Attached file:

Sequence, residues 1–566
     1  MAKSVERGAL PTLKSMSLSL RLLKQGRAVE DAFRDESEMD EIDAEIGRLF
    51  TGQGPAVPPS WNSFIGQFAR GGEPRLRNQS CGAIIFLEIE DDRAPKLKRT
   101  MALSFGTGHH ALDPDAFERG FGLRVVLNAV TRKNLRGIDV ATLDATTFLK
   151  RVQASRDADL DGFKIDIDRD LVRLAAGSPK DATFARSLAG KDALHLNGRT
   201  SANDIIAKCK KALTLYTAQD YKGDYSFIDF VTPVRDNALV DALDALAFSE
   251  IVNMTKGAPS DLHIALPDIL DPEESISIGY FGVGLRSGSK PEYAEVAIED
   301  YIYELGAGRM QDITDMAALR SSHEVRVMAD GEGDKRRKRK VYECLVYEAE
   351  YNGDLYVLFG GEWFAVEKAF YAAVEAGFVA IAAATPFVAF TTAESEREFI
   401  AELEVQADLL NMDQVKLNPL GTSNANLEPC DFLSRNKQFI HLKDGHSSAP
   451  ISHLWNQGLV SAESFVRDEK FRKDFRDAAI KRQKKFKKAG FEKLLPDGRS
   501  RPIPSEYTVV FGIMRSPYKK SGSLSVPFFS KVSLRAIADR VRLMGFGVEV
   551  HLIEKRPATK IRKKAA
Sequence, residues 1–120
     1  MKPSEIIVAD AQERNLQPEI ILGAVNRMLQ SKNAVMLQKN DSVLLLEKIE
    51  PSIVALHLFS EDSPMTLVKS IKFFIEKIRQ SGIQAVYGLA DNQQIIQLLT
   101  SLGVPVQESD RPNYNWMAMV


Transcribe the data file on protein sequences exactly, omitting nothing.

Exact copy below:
Sequence, residues 1–566
     1  MAKSVERGAL PTLKSMSLSL RLLKQGRAVE DAFRDESEMD EIDAEIGRLF
    51  TGQGPAVPPS WNSFIGQFAR GGEPRLRNQS CGAIIFLEIE DDRAPKLKRT
   101  MALSFGTGHH ALDPDAFERG FGLRVVLNAV TRKNLRGIDV ATLDATTFLK
   151  RVQASRDADL DGFKIDIDRD LVRLAAGSPK DATFARSLAG KDALHLNGRT
   201  SANDIIAKCK KALTLYTAQD YKGDYSFIDF VTPVRDNALV DALDALAFSE
   251  IVNMTKGAPS DLHIALPDIL DPEESISIGY FGVGLRSGSK PEYAEVAIED
   301  YIYELGAGRM QDITDMAALR SSHEVRVMAD GEGDKRRKRK VYECLVYEAE
   351  YNGDLYVLFG GEWFAVEKAF YAAVEAGFVA IAAATPFVAF TTAESEREFI
   401  AELEVQADLL NMDQVKLNPL GTSNANLEPC DFLSRNKQFI HLKDGHSSAP
   451  ISHLWNQGLV SAESFVRDEK FRKDFRDAAI KRQKKFKKAG FEKLLPDGRS
   501  RPIPSEYTVV FGIMRSPYKK SGSLSVPFFS KVSLRAIADR VRLMGFGVEV
   551  HLIEKRPATK IRKKAA
Sequence, residues 1–120
     1  MKPSEIIVAD AQERNLQPEI ILGAVNRMLQ SKNAVMLQKN DSVLLLEKIE
    51  PSIVALHLFS EDSPMTLVKS IKFFIEKIRQ SGIQAVYGLA DNQQIIQLLT
   101  SLGVPVQESD RPNYNWMAMV